The appellate court found the circumstances presented in Villanueva to be "more like the cases that involved activities related to ratemaking than those that did not." The appellate court reasoned that Delivery Theory No. 2 and the General Draw Deed Theory challenged the language of Fidelity's filed rates.

These theories required the court to interpret Fidelity's rate filings to determine whether they encompassed the charges at issue. This was a challenge to the rates as filed by Fidelity. Since these theories challenged the "basic classifications of ... services [Fidelity established] to be used as the basis for determining rates" (§ 12401.2) and the rate schedules Fidelity filed with the Insurance Commissioner (§ 12401.1), they involved acts done "pursuant to the authority conferred by Article 5.5" (§ 12414.26) and are subject to the immunity. Thus, we disagree with the trial court's conclusion that the section 12414.26 immunity did not apply to Delivery Theory No. 2 and the General Draw Deed Theory.

The more challenging question in the court's view was whether Section 12414.26 immunity applied to Delivery Theory No. 1 and the Draw Deed Theory of the Gap Period plaintiffs, as these claims alleged Fidelity charged for services not included in its rate filings and were, therefore, not accepted by the Insurance Commissioner. The appellate court concluded the claims made pursuant to these theories of liability likewise fell within the authority conferred by Article 5.5 and were thus subject to Section 12414.26 immunity:

The statutes in article 5.5 directed Fidelity to establish basic classifications of services to use as the basis for determining its rates (§ 12401.2), to file its schedules of rates with the Insurance Commissioner (§ 12401.1), to indicate the character and extent of the services contemplated in its rate filings (§ 12401.1), and prohibited Fidelity from using any rate "prior to its effective date nor prior to the filing with respect to such rate having been publicly displayed and made readily available to the public for a period of no less than 30 days ..." (§ 12401.7). Fidelity failed to establish rates for third party delivery services and document preparation for sales escrows during the Gap Period (§ 12401.2). And although Fidelity filed rate schedules with the Insurance Commissioner throughout the class period, its rate filings failed to indicate the character and extent of all the services contemplated (§ 12401.1). Fidelity also used rates or charges prior to any effective date established by a rate filing in violation of section 12401.7. Thus, Fidelity failed to comply with sections 12401.1, 12401.2, and 12401.7, all of which are in article 5.5 of Chapter 1. In our view, this conduct constitutes "act[s] done ... pursuant to the authority conferred by Article 5.5" (§ 12414.26). Thus, the claims under Delivery Theory No. 1 and the General Draw Deed Theory claims of the Gap Period Plaintiffs are also barred by the section 12414.26 immunity.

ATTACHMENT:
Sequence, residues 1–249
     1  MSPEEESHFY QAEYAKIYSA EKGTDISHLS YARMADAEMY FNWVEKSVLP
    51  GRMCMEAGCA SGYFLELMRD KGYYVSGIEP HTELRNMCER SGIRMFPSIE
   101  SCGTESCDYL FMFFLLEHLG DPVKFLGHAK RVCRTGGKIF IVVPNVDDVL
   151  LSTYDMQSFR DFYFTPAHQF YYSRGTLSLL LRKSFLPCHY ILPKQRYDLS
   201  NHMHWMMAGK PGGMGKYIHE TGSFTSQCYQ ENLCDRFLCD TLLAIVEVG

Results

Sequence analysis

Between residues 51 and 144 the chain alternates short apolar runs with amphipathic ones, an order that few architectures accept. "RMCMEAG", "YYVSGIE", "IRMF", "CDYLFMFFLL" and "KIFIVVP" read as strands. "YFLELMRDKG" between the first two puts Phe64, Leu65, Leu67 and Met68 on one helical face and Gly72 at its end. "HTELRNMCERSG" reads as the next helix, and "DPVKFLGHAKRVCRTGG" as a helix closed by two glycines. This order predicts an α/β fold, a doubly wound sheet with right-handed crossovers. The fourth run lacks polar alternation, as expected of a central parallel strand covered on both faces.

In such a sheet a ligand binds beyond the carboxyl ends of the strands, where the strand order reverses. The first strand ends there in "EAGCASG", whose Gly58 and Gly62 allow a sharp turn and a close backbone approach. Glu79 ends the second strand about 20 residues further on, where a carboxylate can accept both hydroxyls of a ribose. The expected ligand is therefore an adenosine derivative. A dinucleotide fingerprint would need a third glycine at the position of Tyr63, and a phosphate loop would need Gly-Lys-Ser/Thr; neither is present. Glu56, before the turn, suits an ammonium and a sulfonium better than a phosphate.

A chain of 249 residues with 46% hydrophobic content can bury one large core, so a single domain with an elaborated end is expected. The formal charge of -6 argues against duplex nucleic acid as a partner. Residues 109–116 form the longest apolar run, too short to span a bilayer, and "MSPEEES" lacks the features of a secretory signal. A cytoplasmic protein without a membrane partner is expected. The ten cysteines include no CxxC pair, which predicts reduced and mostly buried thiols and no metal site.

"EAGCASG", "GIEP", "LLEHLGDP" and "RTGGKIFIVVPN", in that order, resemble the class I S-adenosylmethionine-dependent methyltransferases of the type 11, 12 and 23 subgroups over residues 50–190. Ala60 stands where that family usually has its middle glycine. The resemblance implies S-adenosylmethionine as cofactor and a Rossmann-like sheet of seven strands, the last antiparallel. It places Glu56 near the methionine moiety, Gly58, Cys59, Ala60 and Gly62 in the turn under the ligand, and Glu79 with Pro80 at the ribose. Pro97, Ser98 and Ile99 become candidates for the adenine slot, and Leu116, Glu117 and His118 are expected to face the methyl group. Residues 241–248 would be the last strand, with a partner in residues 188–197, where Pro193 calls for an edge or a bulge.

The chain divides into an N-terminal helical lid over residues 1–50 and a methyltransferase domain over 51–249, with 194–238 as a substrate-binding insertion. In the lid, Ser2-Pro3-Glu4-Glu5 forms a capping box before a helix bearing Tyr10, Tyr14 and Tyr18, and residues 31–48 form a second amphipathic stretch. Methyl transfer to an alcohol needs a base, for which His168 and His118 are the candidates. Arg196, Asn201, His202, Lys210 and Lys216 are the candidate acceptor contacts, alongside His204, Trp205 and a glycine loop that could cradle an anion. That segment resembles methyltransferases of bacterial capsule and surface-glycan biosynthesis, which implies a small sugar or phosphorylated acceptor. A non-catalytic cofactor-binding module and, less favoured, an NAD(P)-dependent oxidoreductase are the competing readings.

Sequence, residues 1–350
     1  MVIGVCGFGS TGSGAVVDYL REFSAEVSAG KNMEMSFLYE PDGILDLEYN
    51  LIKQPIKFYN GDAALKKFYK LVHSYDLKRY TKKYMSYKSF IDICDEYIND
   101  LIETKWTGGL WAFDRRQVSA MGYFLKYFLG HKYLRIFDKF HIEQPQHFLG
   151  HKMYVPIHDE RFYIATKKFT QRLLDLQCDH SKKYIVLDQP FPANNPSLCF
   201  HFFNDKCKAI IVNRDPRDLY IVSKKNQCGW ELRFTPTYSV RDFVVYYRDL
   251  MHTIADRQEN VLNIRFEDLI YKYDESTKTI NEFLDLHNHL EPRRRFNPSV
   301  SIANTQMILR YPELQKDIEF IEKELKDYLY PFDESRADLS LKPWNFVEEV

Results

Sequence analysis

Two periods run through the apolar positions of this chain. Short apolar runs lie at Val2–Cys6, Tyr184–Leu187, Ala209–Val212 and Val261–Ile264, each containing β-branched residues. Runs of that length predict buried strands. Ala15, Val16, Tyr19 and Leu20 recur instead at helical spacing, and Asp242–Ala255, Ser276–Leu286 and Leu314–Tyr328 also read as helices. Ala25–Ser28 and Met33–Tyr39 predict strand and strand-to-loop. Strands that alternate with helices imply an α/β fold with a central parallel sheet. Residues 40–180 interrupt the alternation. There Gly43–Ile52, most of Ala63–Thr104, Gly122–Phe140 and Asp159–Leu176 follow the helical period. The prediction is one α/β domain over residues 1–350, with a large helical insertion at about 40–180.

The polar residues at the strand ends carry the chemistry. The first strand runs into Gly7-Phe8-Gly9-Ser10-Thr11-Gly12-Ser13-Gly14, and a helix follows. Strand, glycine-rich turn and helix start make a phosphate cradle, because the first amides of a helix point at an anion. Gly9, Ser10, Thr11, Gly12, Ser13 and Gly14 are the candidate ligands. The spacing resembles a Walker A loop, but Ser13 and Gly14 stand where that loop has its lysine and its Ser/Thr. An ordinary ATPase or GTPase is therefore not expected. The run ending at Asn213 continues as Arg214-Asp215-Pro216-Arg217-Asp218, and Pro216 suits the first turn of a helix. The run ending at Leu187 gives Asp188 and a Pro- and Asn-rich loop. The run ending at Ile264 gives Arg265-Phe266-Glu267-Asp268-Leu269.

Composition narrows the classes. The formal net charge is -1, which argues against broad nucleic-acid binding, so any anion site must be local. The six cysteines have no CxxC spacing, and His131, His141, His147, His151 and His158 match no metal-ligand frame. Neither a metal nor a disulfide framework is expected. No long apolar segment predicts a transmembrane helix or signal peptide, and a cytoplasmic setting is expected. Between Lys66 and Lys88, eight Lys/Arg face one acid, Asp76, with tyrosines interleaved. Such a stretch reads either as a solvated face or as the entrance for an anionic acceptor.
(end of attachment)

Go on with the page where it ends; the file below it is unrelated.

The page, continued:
The appellate court found that a review of the statutory scheme governing the Insurance Commissioner's exclusive original jurisdiction strengthened its construction of Section 12414.26:

[T]he statutes governing administrative review of rates support the conclusion that the Insurance Commissioner's plenary authority over ratemaking extends to "any rate charged" and "every rate" not just the rates set forth in a rate filing that has been accepted by the Insurance Commissioner. Plaintiffs allege Fidelity failed to comply with article 5.5 by charging rates for services that were not listed in its rate filings and failing to include rates for third party delivery services and some document preparation in its rate filings. The statutes in articles 6.7 and 6.9 of Chapter 1, particularly sections 12414.13, 12414.14, and 12414.21, expressly provide that Plaintiffs' claims fall within the exclusive original jurisdiction of the Insurance Commissioner. Thus, articles 6.7 and 6.9 of Chapter 1 support our conclusion that this case is barred by the immunity in section 12414.26.

Finally, the appellate court rejected Plaintiffs' argument that Fidelity's conduct was expressly excluded from Section 12414.26 immunity by the language of Section 12414.27, which provides:

Commencing 120 days following January 1, 1974, no [regulated title entity] shall charge for any title policy or service in connection with the business of title insurance, except in accordance with rate filings which have become effective pursuant to Article 5.5 ... or as otherwise authorized by such article; provided, however, where a rate is on file with the commissioner and in effect immediately prior to such date, such rate shall continue in effect until a new rate filing is thereafter made and becomes effective in the manner provided in Article 5.5 ... of this chapter.

Plaintiffs argued Section 12414.27 prohibited Fidelity from charging for services for which it had not filed a rate with the DOI and because Section 12414.27 is contained in Article 6.9, not Article 5.5, Section 12414.26 immunity did not apply. The appellate court framed the issue as whether: (a) Section 12414.27 carves out an exception to Section 12414.26 immunity; or (b) Section 12414.27 merely establishes an operative date for the rate filing and regulatory scheme of Article 5.5. In reviewing the language of the statute – which made no reference to Section 12414.26 – and its legislative history, the appellate court determined that Section 12414.27 was merely an implementing statute establishing a delayed operative date for regulated entities to comply with the new statutory scheme and rate filing requirements. The court further determined that in addition to Section 12414.27, other statutes contained in Article 5.5 impliedly prohibited Fidelity from charging customers for services for which no rate was filed, thereby bringing the alleged conduct within the purview of the statutory immunity provision: